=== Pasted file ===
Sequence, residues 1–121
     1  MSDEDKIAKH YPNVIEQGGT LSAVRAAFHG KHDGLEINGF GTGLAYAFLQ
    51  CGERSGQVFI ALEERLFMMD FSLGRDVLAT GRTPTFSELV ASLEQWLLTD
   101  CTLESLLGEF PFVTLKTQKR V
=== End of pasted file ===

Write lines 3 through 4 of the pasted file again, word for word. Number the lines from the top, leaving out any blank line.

    51  CGERSGQVFI ALEERLFMMD FSLGRDVLAT GRTPTFSELV ASLEQWLLTD
   101  CTLESLLGEF PFVTLKTQKR V